Wednesday, January 11, 2012

Cry "Havoc," and let slip the dogs of Foyle's War

"Bleak Midwinter." By Foyle's War. Season 4, episode 3 (in American markets); Season 5, episode 1 (in British markets). ITV. 11 February 2007. DVD. Acorn Media, 2007.

If you're patient with British dramatic television series, they will usually reward you with a Shakespeare allusion or two—or even, if you're lucky, a quotation. For example, I detected no Shakespeare in the first season of the immensely-popular Downton Abbey, but they squeezed a quick quote (or, if you're particular, a quick truism—or even a quick cliché) from The Tempest into the second season's opening episode. If you're keeping score, the quote was "a brave new world" (see image below).

It took four (or five, depending on how you count them) seasons for Foyle's War to provide a Shakespeare quote (unless, as I readily admit may be the case, I missed an earlier one). In the clip below, Samantha Stewart is driving Detective Chief Superintendent Christopher Foyle from an interview with a witness back to Police Headquarters. She misquotes Shakespeare—only slightly—and we can see Foyle's hesitation before he corrects her.

Cry “Havoc!” and let slip the dogs of war!
Julius Caesar, III.i.273

I always want more, but hearing a Shakespeare quote like that is a bit like meeting an old friend on the street. And that's always nice.

Downton Abbey Quotes Shakespeare.

Links: The Episode at IMDB.

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Juliana L'Heureux said...

Loved the Foyle's War Clip, quote from Julius Caesar "Havoc and let slip the dogs of war...." thank you. Nice piece.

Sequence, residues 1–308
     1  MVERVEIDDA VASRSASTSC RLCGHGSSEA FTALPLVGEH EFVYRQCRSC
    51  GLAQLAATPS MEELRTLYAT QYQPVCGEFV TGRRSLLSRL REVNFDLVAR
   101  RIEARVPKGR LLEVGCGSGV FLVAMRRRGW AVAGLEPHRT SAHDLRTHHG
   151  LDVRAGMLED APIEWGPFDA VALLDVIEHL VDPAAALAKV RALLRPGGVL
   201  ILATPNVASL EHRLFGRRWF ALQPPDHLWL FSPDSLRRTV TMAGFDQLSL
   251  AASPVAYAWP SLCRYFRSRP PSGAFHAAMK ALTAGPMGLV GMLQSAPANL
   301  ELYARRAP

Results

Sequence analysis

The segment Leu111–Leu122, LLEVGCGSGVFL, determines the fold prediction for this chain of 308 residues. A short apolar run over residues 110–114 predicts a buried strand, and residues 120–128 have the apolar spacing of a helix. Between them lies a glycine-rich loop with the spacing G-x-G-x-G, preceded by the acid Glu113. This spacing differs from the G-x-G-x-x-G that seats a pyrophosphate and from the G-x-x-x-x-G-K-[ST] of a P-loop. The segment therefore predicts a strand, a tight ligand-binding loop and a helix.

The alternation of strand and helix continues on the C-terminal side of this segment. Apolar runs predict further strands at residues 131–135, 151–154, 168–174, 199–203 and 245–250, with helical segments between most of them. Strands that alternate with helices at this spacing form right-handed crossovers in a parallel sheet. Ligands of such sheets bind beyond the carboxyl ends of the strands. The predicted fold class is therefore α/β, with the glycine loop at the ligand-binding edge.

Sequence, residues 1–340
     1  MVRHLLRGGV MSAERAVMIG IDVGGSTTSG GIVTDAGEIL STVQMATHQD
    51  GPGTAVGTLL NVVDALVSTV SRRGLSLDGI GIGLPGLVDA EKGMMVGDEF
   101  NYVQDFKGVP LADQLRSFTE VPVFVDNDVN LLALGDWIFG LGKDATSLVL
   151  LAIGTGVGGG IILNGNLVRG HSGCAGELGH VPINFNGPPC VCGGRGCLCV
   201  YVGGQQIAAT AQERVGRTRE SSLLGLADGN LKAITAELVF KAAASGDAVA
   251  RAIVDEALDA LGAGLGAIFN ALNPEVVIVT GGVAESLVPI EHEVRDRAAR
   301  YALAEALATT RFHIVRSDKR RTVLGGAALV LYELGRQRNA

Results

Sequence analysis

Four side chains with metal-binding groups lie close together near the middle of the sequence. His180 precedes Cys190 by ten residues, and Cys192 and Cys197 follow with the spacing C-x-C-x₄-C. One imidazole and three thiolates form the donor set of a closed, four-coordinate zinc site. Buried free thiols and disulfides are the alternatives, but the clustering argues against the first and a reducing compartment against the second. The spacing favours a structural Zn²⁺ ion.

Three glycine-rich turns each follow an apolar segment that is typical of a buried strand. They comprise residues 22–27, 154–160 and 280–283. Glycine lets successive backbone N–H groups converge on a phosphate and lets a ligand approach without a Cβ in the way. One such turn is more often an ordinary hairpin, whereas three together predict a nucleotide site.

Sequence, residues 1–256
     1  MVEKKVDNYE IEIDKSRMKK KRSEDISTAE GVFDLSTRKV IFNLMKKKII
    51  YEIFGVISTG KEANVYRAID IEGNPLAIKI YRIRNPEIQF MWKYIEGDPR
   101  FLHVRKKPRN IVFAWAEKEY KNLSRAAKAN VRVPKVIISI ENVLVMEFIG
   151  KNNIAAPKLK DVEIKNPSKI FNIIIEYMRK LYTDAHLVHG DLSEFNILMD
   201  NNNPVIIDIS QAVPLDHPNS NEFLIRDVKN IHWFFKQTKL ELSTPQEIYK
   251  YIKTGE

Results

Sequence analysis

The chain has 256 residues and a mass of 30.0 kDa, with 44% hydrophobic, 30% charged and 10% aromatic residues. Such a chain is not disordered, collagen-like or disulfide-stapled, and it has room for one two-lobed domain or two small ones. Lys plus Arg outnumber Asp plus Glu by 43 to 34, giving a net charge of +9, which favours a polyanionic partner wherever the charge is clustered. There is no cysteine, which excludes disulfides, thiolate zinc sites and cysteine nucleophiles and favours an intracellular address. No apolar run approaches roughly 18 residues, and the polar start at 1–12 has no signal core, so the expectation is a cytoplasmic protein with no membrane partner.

Juliana L'Heureux said...

Michael Kitchen must have enjoyed the "Havoc, let slip the dogs of war..." dialogue, talented and skilled actor as he is.

Bardfilm is normally written as one word, though it can also be found under a search for "Bard Film Blog." Bardfilm is a Shakespeare blog (admittedly, one of many Shakespeare blogs), and it is dedicated to commentary on films (Shakespeare movies, The Shakespeare Movie, Shakespeare on television, Shakespeare at the cinema), plays, and other matter related to Shakespeare (allusions to Shakespeare in pop culture, quotes from Shakespeare in popular culture, quotations that come from Shakespeare, et cetera).

Unless otherwise indicated, quotations from Shakespeare's works are from the following edition:
Shakespeare, William. The Riverside Shakespeare. 2nd ed. Gen. ed. G. Blakemore Evans. Boston: Houghton Mifflin, 1997.
All material original to this blog is copyrighted: Copyright 2008-2039 (and into perpetuity thereafter) by Keith Jones.

The very instant that I saw you did / My heart fly to your service; there resides, / To make me slave to it; and, for your sake, / Am I this patient [b]log-man.

—The Tempest